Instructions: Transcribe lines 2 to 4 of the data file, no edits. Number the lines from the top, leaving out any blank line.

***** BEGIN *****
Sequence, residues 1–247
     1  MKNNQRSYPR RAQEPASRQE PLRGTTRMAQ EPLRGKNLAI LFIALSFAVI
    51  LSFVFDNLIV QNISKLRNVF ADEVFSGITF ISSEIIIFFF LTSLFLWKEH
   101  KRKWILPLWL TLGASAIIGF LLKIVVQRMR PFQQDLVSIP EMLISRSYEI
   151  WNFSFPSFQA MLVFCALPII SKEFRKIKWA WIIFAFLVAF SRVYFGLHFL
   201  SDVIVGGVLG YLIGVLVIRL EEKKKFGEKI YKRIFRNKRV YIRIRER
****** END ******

     1  MKNNQRSYPR RAQEPASRQE PLRGTTRMAQ EPLRGKNLAI LFIALSFAVI
    51  LSFVFDNLIV QNISKLRNVF ADEVFSGITF ISSEIIIFFF LTSLFLWKEH
   101  KRKWILPLWL TLGASAIIGF LLKIVVQRMR PFQQDLVSIP EMLISRSYEI